Wellbeing and Engagement Framework

Flourishing staff know their strengths, are self-aware and resilient. It's a virtuous circle: flourishing staff teams are linked to better outcomes for children, better career progression, recruitment and retention and a happier environment for everyone.

Key signs your setting is fostering well-being

We can all agree that well-being is a good thing. But what does it look like in practice and how can you foster it in your own setting?

  • There's laughter and fun and a sense that this a place where good things happen
  • Early years educators are able to explain how children are developing and learning through everyday activities and play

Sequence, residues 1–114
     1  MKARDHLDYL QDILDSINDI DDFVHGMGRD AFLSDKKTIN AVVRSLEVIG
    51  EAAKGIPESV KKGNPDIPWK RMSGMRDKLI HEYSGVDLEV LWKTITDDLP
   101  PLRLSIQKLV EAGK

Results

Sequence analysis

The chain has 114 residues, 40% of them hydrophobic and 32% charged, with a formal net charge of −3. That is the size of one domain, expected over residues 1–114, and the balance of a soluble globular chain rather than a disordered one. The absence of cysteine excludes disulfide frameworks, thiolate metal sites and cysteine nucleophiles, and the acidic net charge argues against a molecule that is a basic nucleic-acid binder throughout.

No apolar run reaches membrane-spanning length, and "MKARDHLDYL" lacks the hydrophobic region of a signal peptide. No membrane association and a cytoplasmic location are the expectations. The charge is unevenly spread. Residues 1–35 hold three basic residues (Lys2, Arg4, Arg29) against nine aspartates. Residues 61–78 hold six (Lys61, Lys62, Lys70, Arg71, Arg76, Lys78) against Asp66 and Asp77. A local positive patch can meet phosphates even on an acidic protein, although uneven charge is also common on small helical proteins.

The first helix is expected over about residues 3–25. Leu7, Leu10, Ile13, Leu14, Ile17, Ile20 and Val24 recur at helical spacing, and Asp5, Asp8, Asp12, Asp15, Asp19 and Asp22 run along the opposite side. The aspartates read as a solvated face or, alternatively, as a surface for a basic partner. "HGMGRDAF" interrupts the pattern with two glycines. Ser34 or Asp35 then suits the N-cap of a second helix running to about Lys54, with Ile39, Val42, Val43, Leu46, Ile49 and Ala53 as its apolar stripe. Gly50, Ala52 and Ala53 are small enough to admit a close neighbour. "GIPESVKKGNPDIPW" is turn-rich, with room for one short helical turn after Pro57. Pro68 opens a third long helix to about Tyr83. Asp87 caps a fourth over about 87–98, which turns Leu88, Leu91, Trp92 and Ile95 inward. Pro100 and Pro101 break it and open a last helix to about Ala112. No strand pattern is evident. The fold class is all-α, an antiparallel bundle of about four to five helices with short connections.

• People know their own strengths and value each other's strengths
  • Children and staff feel happy and positive about coming into the setting
  • Early years educators model healthy behaviours: in particular, they eat well and keep active, showing they value their own well-being as well as the well-being of young children
  • Leaders ensure that good work life balance is in place for all staff – for example, manageable workload, flexible hours
  • The setting has strong links with the community: there are strong networks with other professionals and leaders go out to build community partnership
  • The environment is safe, supportive and promotes creative thinking
  • Staff are encouraged to try out new ideas
  • People are willing to experiment and try new things, knowing that if things don't go to plan that it's another learning opportunity.
  • Early years educators are talking about how they are learning and developing every day as they work
  • There's no blaming or shaming: instead a sense that ‘we're all in this together’